Thursday, October 8, 2015

A Madness So Discreet by Mindy McGinnis

Title: A Madness So Discreet
Author: Mindy McGinnis
Katherine Tegan Books
Release Date:
Oct 6, 2015

The Gist:
Grace Mae knows madness.

She keeps it locked away, along with her voice, trapped deep inside a brilliant mind that cannot forget horrific family secrets. Those secrets, along with the bulge in her belly, land her in a Boston insane asylum.

When her voice returns in a burst of violence, Grace is banished to the dark cellars, where her mind is discovered by a visiting doctor who dabbles in the new study of criminal psychology. With her keen eyes and sharp memory, Grace will make the perfect assistant at crime scenes. Escaping from Boston to the safety of an ethical Ohio asylum, Grace finds friendship and hope, hints of a life she should have had. But gruesome nights bring Grace and the doctor into the circle of a killer who stalks young women. Grace, continuing to operate under the cloak of madness, must hunt a murderer while she confronts the demons in her own past.


Grace Mae, pregnant and broken, has been locked away in an asylum by the family that is supposed to love and protect her, but which has done neither.  She endures the abuse and neglect of the asylum until she meets Dr. Thornhollow, who performs surgery on the more violent offenders.  She concocts a scheme which will allow her to escape both the asylum and her family and which leaves her in the care of the doctor as his assistant.  Under his tutelage, she begins to learn the science of profiling and seeking out murderers.  As they get closer and closer to the serial killer they are trailing, Grace's past comes back with a vengeance and she creates a trap to punish her abuser, and save all those who might become his victims. 

A Madness So Discreet explores the emerging science of profiling.  Dr. Thornhollow and Grace study crime scenes in order to create a picture of the murderer and narrow down the pool of suspects until they are able to locate their prey.  Unfortunately, this meant Grace received regular "lessons" in which Dr. Thornhollow droned on about profiling.  If this is new information for the reader, it would be interesting.  However, I feel like profiling has become such a big plot point for so many movies and TV shows now that all of this information seems like something everyone knows already; that murderers like to revisit the crime scene, that they are often impotent, that they have overbearing mothers etc.  Since I was pretty familiar with all of this, these scenes were rather tedious and slowed down the plot.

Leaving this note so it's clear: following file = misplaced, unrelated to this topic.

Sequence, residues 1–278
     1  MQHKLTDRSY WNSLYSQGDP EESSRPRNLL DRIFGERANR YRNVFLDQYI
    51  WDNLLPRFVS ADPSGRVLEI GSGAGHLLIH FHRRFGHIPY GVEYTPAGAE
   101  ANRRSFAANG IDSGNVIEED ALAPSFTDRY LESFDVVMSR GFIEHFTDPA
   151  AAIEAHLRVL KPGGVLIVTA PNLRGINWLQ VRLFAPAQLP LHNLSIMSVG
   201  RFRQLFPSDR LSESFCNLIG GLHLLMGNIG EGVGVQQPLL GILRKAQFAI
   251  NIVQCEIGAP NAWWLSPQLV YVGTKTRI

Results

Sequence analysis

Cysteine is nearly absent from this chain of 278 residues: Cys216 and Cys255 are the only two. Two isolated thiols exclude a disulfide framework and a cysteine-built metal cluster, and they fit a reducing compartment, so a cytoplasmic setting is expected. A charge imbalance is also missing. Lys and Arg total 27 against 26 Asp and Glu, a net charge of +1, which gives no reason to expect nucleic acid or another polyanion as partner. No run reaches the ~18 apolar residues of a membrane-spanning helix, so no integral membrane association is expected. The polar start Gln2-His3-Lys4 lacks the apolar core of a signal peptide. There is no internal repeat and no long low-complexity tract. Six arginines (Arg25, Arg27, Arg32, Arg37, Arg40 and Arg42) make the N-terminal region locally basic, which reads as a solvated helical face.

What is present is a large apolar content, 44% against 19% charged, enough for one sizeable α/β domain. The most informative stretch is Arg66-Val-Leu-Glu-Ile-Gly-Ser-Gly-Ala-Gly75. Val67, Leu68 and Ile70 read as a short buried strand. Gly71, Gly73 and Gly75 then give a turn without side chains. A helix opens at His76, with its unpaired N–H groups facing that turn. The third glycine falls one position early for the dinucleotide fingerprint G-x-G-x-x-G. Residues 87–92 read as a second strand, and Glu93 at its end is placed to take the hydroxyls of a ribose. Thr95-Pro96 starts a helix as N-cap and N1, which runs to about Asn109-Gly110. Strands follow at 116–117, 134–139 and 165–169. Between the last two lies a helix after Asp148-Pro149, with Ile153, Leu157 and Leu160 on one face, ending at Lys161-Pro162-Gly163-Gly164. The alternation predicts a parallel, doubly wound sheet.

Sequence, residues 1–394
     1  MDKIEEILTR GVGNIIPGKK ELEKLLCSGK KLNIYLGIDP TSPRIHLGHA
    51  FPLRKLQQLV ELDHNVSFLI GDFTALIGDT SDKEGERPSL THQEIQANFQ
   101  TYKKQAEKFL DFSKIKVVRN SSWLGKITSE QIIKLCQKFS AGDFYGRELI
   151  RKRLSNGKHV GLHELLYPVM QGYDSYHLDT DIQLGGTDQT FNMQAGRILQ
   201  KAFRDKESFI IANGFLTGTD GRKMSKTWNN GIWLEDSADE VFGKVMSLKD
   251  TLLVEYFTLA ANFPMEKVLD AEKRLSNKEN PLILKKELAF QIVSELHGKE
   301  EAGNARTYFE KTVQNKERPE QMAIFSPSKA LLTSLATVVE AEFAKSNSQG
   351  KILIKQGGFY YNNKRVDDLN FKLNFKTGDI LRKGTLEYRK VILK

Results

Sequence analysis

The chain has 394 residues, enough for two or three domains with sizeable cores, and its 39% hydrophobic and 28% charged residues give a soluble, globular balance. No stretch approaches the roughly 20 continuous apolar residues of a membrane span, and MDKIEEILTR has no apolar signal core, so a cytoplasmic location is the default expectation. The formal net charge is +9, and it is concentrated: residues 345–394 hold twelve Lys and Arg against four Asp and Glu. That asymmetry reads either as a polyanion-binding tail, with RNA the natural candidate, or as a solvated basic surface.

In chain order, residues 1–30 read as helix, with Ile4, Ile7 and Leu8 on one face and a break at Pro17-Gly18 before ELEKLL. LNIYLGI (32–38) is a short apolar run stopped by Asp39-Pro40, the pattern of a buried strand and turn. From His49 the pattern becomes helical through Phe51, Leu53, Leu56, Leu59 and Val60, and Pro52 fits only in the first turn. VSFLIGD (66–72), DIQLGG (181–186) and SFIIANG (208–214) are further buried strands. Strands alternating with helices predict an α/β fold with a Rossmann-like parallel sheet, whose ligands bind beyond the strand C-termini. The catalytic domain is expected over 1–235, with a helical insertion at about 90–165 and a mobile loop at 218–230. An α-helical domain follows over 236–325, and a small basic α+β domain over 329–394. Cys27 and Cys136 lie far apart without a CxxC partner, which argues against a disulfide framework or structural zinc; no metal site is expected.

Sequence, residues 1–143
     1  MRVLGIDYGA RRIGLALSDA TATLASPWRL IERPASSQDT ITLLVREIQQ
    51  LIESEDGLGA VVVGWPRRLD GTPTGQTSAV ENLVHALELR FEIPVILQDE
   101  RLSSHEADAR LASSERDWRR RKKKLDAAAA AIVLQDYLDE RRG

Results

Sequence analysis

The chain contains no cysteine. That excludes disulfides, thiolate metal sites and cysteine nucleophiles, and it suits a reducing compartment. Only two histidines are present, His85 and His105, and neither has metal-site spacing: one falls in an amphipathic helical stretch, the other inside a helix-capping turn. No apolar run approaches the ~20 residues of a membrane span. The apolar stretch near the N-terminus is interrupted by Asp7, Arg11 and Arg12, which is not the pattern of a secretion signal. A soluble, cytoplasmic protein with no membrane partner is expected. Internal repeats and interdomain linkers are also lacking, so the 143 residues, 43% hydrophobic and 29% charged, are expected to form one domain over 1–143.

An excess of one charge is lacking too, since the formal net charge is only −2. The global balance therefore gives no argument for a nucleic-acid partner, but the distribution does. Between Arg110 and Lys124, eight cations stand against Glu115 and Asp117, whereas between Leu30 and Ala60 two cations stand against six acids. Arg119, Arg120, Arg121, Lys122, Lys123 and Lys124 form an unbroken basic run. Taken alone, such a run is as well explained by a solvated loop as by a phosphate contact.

The plot is can really be broken into three parts: the Boston Asylum, Grace's Instruction, and Grace's Revenge.  The first section is a great read, but is full of triggers.  The treatment of patients in the asylum is deplorable and, as a mother, I found certain scenes very difficult to get through.  However, this sets the tone for a very creepy novel about madness and the treatment of the insane, but that is not the book that we get.    Once she escapes, the tone changes completely and the plot slows considerably as Dr. Thornhollow teaches Grace the basics of profiling and she acclimates to her new hospital.  Things become interesting again in the final part as we start to see a whole new side of Grace.  By this point, she has received enough instruction to be able to operate capably on her own and has finally begun to take control of her own life.  This makes her a much more interesting character.  At this point, the plot moves much more quickly and we get to see just how devious, and forward thinking, Grace can be. 

The novel was hit and miss when it came to the characters.  Some, like Grace, were interesting and well developed while others, like Dr. Thornhollow and his sister were flat and unbelievable.  Thankfully, there were no romantic elements as would often be expected in this type of novel and I was quite glad that the only part of Grace's body that the doctor seemed interested in was her mind.  There are also characters that, while enjoyable, did deplorable things that were applauded.  Overall, there was a theme of women gaining revenge against the men who wronged them, however they often did it in ways that I simply couldn't stomach.     

Bottom Line: Solidly in the "Meh" category.  It wasn't bad, but there wasn't anything that I LOVED about it. 

Teaching/Parental Notes:

15 and up
Sex: None
Violence: Sexual Abuse, Abuse of a patient, Murder
Inappropriate Language: Bitch, Bastard, Whore
Substance Use/Abuse: Smoking


Kate @ Ex Libris said...

That's true about the books with profiling, but I thought this was in interesting twist on that subject.

Kate @ Ex Libris

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